When it comes to BDSM, consent and communication are the primary focus as opposed to an assumed afterthought. Even though not all scenes (a set up period of time in which a variety of agreed upon activities are performed between consenting adults, often in a Dominant/submissive setting, that can include aspects of bondage, pain, and even psychological activities such as power plays) within BDSM are sexual, consent is still required and it is often re-established during the scene if the partners are communicating well during it. “The BDSM players are among the only people on the planet who elevate sexual/erotic communication this way.” states Carol Queen in regards to her experiences with consent and sex (Pfeuffer, 2017). Limits, boundaries, potential risks, and health issues are discussed beforehand, there is a safe word set up (or in cases where the submissive may be unable to speak, such as a gag or mask a gesture or action) that tells the other party to full stop if it is uttered, or to step back from the scene to open a dialogue to find out what is going on/get clarification. By keeping the dialogue open even during the scene, and by reaffirming consent through safe words and communication, it lessens the potential for coercion or “forcing” a scene on someone else. Through the use of open communication and the insistence on making sure that both parties are acting on what they want and not through a sense of obligation, the boundaries can be better enforced. Instead of thinking, “I’m doing this because this person wants it, even though I don’t.” a person is able to speak up and explain why they don’t want to do the act, and in doing so the two can open a dialogue and find what can be enjoyable for both parties.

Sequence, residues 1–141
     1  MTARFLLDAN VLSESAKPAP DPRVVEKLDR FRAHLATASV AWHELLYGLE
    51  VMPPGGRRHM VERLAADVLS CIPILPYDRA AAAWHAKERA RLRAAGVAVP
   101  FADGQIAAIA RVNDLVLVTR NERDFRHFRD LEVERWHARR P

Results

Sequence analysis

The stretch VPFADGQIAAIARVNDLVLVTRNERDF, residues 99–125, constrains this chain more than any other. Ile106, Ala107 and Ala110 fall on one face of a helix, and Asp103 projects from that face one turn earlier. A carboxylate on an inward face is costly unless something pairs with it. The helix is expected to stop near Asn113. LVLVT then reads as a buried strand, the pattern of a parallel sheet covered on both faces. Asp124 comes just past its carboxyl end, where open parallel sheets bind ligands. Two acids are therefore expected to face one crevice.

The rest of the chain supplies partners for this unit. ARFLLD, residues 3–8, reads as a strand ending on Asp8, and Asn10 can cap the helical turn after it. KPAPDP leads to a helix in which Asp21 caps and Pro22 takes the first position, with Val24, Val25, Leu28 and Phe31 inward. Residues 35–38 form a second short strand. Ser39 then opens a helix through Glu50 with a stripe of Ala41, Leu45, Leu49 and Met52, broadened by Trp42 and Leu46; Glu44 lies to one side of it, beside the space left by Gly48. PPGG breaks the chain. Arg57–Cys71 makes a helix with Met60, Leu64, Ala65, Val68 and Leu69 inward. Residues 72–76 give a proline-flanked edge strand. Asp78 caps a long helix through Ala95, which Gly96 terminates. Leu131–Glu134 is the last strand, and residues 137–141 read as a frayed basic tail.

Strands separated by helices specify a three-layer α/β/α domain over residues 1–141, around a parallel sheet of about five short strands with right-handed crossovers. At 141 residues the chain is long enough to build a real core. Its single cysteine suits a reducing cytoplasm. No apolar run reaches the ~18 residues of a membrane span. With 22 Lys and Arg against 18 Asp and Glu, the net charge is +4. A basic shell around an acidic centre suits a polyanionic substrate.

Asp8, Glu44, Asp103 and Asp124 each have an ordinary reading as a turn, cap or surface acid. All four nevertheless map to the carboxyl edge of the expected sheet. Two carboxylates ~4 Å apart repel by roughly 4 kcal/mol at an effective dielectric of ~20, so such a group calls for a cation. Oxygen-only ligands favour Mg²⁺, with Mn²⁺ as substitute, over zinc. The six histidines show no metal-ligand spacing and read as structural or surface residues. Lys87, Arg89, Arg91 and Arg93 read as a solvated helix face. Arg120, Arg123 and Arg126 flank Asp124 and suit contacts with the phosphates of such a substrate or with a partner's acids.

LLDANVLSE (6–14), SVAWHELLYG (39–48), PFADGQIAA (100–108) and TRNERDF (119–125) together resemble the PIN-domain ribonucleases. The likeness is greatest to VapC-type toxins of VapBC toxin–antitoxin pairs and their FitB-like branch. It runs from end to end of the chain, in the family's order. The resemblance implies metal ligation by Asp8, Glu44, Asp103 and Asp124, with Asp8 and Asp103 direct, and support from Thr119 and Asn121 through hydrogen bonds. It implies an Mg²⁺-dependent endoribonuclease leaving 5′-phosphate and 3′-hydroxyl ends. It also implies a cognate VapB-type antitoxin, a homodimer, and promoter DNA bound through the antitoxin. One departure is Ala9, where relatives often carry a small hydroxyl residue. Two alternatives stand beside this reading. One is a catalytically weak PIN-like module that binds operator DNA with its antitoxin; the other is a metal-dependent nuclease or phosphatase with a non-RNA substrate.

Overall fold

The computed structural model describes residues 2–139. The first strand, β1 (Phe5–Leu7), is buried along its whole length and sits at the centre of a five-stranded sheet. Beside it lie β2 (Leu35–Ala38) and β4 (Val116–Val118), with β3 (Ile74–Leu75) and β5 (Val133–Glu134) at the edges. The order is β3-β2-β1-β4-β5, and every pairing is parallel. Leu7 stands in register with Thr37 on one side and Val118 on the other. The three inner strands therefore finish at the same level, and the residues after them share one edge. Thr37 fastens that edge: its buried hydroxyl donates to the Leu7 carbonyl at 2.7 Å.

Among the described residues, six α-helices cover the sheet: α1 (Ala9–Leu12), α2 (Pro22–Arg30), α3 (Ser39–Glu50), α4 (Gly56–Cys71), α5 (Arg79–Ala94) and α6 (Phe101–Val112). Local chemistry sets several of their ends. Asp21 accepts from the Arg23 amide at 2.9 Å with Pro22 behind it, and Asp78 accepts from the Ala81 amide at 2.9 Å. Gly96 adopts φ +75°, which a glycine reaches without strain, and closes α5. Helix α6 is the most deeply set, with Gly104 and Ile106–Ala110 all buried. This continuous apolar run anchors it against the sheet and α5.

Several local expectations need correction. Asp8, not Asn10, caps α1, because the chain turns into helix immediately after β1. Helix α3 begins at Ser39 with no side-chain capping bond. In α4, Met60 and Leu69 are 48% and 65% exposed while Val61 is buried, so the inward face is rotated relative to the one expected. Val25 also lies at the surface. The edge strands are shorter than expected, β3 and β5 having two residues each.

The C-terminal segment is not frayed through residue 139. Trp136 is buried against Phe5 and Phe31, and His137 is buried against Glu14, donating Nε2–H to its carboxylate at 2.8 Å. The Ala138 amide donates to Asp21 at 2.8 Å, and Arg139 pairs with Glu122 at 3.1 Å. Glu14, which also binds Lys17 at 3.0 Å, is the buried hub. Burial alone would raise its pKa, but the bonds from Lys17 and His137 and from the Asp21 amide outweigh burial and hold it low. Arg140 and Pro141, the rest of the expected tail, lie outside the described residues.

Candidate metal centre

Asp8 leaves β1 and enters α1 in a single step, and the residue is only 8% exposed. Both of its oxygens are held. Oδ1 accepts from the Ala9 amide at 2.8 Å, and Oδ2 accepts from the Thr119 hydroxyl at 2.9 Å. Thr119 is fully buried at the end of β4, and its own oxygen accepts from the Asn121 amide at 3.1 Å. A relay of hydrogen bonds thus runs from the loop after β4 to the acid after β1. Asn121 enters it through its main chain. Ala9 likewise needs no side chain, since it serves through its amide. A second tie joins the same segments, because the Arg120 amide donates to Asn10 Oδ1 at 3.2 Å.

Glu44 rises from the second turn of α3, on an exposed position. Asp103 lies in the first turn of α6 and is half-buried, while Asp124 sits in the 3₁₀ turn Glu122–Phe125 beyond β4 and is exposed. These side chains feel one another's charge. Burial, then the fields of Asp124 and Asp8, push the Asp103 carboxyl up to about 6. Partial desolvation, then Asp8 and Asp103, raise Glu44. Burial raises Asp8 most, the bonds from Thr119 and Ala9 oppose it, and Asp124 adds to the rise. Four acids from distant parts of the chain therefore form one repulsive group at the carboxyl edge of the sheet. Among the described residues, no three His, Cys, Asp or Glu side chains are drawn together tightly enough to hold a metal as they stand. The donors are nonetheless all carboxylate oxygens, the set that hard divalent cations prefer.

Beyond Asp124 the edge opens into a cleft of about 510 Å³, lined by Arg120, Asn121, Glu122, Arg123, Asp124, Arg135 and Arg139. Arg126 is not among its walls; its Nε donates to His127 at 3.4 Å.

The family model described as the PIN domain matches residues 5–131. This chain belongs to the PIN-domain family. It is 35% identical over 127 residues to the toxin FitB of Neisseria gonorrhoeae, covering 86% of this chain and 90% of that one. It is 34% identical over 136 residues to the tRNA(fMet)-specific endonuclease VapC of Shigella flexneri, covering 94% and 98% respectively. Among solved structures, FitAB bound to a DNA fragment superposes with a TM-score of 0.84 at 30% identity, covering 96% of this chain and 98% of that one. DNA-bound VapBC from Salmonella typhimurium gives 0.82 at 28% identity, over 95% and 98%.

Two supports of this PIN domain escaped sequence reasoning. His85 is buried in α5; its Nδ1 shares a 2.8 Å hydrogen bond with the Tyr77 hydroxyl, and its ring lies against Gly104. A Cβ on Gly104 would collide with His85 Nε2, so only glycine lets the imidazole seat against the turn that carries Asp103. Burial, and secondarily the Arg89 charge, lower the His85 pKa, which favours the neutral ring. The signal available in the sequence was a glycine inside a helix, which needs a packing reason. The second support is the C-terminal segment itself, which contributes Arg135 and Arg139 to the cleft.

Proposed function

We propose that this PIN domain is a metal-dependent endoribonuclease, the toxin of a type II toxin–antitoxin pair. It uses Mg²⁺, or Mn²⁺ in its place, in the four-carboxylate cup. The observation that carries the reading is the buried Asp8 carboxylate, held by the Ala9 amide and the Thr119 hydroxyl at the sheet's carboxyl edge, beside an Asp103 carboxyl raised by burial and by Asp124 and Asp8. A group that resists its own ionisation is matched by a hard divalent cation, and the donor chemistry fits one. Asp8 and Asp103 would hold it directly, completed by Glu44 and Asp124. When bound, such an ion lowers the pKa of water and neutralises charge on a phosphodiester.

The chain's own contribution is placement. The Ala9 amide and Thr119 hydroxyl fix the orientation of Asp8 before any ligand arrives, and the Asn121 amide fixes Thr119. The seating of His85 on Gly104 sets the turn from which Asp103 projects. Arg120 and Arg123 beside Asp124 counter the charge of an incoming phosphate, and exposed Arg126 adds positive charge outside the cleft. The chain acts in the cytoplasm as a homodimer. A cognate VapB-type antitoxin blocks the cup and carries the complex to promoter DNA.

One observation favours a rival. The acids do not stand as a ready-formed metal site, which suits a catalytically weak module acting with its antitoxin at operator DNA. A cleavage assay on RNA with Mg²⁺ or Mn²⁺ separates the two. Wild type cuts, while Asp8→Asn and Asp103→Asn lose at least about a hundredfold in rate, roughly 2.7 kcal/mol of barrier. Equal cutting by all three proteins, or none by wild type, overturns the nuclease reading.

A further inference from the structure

Contrast this to popular culture, where coercion is viewed as romantic, the lines of what is consensual and what is not are much clearer within BDSM than outside. Consent is often assumed in most of society as being granted from a lack of an outright and forceful “no” or physical pushing away, and the ignoring of such actions is in many books and cinema viewed as romantic because the woman just didn’t know what she really wanted. For lack of a better way of putting it, “In a traditional [sexual] encounter, sex continues until one party (usually the woman) says no. Consent here is implicit: Silence implies consent to continue.” With traditional sex, there are many assumptions, such as it follows a set format of foreplay, penetration, climax, end. BDSM seeks to remove the assumptions, even with long term partners, through open and constant communication. A lack of a “no” doesn’t mean everything is all right, it means that more communication is needed to ensure all parties are consenting and wanting what is to come next. Communication and consent are constantly reinforced throughout the scene via what we’ve come to call explicit consent, the opposite of implicit consent.

Take for example the following scene:

The Dominant and the submissive have discussed using bondage during a scene. Through discussions they’ve learned that the submissive is worried about the possibility of rope burns and even cutting of their skin due to the ropes. The Dominant then discusses with the submissive other options for restraints and various materials that can be used to lessen or remove the concerns of the submissive. They continue to talk about it and work out the various issues and problems that might arise from the scene until both parties are satisfied (Pitagora, 2013). They agree that if the submissive uses the word “yellow”, that the Dominant is to pause and get clarification/open a dialogue to find out what is causing a problem within the scene. The word “red” means to stop immediately and end the scene and open communication on what went wrong.